Sumit Sarkar wrote a review of Guha’s India after Gandhi for New Left Review (56, March-April 2009), which he ends with an interesting comment:
“Welcome as India after Gandhi is for its initiation of a new field of contemporary historiography, one is left half-yearning for the book Guha did not write”.
I think Sarkar has sufficiently shown, despite his non-polemic sympathetic tone for a fellow historian, that Guha can never write “the book”. Sarkar does appreciate this “clear and comprehensive account of the course of events”. But
“Guha offers no overall theses as to how the India of 1947 became that of today. Instead he embarks on a narration of political events, deftly interwoven with socio-cultural and economic developments. Along the way he provides a set of individual political profiles, often interesting and amusingly drawn. One occasionally feels that he overuses this strategy, especially since, barring a few individuals—Nehru, Patel, Sheikh Abdullah, Indira Gandhi or Jayprakash Narayan—many were not as significant as the character-driven plot structure, weighted towards party leaders, makes them out to be. Other social forces and structures are inevitably downplayed”.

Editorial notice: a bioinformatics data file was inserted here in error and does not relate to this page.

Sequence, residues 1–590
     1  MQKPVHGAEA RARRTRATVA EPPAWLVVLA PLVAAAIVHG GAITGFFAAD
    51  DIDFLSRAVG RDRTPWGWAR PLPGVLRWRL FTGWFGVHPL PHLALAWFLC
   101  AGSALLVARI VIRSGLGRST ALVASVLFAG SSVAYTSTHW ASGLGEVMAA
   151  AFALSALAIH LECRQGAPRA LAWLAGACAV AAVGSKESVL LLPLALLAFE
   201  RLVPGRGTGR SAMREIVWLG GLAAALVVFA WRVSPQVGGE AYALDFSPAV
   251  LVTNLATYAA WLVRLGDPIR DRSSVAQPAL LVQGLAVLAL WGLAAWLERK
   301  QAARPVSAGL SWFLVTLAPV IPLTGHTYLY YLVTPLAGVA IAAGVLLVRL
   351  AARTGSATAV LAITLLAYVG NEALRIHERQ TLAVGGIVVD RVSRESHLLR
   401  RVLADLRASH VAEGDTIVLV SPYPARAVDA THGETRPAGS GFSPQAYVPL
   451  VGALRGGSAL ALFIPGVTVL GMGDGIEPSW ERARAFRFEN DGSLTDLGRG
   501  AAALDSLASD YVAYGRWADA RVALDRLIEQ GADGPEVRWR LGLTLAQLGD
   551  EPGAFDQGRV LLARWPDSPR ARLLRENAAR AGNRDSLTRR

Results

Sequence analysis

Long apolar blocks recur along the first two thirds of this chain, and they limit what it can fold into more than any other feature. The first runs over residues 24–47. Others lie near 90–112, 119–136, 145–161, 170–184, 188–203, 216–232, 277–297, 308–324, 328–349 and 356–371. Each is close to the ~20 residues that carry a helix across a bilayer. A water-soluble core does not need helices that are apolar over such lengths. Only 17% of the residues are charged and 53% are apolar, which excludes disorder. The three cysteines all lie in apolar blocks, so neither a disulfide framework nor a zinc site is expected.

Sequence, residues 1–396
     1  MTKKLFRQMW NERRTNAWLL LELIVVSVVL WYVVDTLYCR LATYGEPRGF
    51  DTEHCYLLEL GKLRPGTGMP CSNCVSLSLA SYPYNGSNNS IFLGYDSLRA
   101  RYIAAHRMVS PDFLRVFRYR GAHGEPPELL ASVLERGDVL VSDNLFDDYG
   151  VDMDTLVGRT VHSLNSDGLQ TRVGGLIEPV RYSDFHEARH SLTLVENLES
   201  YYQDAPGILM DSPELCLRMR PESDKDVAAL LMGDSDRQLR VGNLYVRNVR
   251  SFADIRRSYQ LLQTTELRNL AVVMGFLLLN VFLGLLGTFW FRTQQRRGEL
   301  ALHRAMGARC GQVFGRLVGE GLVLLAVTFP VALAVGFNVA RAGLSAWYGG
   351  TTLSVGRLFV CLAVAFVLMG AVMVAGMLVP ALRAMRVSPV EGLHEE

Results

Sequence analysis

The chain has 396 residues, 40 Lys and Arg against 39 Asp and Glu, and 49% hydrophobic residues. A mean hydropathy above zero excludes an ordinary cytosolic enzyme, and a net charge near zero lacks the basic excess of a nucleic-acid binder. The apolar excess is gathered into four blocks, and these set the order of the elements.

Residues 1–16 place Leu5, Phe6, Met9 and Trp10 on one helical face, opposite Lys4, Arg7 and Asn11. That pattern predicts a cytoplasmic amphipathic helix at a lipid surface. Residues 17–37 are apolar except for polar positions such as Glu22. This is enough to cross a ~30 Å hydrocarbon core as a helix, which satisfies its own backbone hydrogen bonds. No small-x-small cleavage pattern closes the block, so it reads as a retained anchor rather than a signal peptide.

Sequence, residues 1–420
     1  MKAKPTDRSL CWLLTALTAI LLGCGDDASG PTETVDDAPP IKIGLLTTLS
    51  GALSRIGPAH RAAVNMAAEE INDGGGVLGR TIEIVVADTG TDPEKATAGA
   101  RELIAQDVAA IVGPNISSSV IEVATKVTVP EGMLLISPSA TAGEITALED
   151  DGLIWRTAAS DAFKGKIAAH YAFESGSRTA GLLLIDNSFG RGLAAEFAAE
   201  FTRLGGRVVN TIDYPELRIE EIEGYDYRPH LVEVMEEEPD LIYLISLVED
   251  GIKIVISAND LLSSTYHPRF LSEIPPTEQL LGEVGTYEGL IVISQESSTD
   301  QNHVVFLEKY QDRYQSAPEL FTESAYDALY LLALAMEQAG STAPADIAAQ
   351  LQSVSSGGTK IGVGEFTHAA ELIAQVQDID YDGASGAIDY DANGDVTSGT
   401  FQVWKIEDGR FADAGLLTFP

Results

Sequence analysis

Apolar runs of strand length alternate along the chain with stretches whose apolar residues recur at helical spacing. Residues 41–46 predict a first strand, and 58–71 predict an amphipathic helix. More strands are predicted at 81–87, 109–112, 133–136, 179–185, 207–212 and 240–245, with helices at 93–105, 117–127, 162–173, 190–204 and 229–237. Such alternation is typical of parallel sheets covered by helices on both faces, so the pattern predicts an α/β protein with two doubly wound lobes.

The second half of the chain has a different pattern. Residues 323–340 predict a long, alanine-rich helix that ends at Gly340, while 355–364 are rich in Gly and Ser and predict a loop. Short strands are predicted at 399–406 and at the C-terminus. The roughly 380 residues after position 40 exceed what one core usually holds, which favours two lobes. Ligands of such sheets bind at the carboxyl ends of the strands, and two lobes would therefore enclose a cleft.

The narrative is “uncritical” based on “journalistic sources”.
“More broadly, what is missing in terms of Guha’s framing questions is any analysis of the tensions between national unity and democracy, and the ways in which the concerns of the former—military security, internal sovereignty—have not infrequently hollowed out the content of the latter”.
Sarkar finds many “large questions, which Guha does not address”. But why?
“This is not an incidental drawback, but flows from the liberal-Nehruvian nationalism that is the book’s chief ideological marker”.
HENCE, Ramachandra Guha’s book is more an exercise in story-telling – “a thoughtful survey of the period in fluent, lucid prose”.